Versatile Alex Wolfe

(Photo by Mark Philbrick/BYU Photo)

PROVO -- Another homegrown Utah product with the same initials AW, hoping to gain more acclaim is BYU baseball sophomore Alex Wolfe.

Playing in the shadows of the Marriott Center, named after the early pioneers of an A & W fast food and root beer franchise, Wolfe is hoping for some of the national spotlight, too.

Four items stand out about the 6-foot, 200-pound infielder/catcher from Orem.

First, he chose the junior college route over a four-year program out of high school because he wanted a quick route to the pro level. Next, he turned down $350,000 as the 47th-round draftee from 2005 by the Boston Red Sox. Third, he committed to Oregon State, then changed his mind to come to BYU. Lastly, injuries have forced changes to Wolfe’s game and lifestyle.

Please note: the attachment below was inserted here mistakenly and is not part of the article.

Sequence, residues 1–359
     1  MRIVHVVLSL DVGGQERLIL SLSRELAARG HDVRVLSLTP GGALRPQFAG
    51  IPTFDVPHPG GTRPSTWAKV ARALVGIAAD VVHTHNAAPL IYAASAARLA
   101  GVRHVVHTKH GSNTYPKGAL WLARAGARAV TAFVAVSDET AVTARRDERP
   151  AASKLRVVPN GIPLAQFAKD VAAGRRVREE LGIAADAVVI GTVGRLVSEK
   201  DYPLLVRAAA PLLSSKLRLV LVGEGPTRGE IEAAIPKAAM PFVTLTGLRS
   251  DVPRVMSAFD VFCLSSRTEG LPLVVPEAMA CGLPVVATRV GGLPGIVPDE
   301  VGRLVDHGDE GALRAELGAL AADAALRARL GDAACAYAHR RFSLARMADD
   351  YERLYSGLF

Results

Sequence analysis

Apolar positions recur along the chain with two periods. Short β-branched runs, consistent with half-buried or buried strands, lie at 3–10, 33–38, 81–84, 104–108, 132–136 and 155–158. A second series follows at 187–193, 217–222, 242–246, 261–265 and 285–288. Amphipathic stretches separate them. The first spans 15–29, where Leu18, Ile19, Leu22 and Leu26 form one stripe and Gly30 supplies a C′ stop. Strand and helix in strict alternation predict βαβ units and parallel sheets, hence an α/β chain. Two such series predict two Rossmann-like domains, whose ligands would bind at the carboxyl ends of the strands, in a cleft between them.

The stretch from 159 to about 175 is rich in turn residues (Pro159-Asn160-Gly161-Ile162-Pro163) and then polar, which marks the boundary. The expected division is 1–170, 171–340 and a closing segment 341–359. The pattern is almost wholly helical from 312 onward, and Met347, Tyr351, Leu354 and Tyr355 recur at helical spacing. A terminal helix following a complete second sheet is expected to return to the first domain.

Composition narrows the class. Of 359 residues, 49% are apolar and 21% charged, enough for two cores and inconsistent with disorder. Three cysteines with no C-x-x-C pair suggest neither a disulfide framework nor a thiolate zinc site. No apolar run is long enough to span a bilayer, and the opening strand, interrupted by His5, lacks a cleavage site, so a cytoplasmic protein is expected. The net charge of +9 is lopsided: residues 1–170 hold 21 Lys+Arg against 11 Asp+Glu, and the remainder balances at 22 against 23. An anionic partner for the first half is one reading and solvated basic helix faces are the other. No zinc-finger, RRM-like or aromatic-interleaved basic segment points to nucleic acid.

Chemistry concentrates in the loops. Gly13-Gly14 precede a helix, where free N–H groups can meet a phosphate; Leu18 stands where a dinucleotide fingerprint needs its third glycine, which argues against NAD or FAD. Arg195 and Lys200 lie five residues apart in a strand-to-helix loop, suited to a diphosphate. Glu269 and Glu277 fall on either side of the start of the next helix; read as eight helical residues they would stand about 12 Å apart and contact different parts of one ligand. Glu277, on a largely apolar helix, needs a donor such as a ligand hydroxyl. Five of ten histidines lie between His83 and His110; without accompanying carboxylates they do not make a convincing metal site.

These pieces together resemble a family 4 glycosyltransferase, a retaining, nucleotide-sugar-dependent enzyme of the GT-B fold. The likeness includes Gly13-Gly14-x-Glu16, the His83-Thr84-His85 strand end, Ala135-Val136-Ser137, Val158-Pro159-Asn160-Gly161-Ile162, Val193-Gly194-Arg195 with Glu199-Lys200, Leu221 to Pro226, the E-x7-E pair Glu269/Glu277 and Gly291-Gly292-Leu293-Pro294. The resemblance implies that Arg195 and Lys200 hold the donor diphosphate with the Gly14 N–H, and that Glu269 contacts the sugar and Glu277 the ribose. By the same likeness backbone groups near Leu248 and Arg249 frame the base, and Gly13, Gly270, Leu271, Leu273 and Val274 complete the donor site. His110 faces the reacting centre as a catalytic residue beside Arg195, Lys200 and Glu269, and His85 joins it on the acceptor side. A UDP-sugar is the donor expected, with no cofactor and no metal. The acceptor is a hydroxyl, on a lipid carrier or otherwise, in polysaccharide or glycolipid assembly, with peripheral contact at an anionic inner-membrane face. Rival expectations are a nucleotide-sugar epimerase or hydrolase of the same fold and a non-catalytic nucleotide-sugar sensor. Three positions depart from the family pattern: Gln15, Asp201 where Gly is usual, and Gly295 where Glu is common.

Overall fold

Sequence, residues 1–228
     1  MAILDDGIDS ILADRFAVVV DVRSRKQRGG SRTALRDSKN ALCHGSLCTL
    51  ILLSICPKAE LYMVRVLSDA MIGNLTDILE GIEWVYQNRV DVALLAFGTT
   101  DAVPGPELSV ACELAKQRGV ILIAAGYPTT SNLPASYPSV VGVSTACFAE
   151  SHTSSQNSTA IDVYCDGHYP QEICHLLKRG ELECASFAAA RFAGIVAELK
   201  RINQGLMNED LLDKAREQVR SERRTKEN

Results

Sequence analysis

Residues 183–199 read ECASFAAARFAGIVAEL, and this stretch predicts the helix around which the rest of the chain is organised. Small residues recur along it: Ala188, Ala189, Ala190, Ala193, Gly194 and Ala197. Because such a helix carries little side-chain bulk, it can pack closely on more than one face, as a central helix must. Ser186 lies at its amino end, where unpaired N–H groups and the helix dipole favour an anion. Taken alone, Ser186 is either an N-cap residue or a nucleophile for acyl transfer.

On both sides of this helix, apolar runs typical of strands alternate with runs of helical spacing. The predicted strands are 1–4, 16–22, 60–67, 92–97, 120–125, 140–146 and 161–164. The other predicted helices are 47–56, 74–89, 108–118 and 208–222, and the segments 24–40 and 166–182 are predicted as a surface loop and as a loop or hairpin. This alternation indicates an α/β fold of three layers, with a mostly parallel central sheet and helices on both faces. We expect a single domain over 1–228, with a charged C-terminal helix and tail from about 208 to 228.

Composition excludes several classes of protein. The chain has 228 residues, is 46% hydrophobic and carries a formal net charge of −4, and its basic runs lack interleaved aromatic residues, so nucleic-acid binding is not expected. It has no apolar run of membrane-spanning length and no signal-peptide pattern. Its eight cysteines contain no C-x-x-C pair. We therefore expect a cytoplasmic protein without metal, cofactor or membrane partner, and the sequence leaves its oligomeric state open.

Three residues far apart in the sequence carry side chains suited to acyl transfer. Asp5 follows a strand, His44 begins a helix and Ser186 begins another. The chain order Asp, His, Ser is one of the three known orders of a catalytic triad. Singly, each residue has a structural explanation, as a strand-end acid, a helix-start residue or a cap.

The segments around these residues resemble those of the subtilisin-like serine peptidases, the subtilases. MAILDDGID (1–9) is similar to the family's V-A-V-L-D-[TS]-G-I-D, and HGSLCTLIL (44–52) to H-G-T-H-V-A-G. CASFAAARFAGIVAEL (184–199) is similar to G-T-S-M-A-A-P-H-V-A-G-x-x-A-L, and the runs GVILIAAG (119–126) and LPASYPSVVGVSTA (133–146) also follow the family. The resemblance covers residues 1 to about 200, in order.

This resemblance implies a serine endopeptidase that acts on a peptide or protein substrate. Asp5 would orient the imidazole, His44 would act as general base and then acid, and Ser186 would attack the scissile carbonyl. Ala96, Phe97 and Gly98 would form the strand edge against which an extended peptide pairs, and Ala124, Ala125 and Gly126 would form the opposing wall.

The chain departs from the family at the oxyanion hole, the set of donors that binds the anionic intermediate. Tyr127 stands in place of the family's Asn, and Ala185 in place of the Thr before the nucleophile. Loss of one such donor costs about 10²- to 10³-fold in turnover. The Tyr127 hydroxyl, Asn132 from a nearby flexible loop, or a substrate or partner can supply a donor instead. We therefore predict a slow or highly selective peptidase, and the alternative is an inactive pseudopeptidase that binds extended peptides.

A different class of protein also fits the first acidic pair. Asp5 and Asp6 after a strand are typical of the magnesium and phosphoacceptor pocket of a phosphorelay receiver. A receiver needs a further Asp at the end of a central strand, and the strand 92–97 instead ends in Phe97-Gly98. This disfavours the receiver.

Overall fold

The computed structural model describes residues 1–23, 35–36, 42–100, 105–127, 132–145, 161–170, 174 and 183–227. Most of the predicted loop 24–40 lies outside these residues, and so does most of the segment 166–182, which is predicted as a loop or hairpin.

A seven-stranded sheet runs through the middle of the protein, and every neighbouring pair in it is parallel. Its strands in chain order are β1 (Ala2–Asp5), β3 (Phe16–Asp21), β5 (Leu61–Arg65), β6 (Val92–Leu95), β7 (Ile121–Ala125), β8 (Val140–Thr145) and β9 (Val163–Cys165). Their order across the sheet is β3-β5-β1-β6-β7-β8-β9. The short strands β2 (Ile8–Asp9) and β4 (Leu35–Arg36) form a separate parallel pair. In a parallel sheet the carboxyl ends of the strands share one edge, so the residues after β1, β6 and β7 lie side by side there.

“Alex is a talented player who had an unfortunate injury last year,” said BYU coach Vance Law. “He will anchor our middle lineup. He can hit the ball to all fields with power and play either corner or catch. We want his bat on a daily basis.”

Wolfe was a draft-and-follow prospect by the BoSox after his senior year at Orem’s Timpanogos High School where he was 7-0 as a pitcher. He had transferred from nearby Payson, helping the Timberwolves to a pair of state titles, and winning three games in one of those tournaments. He also caught and played third early in his T-Wolf career.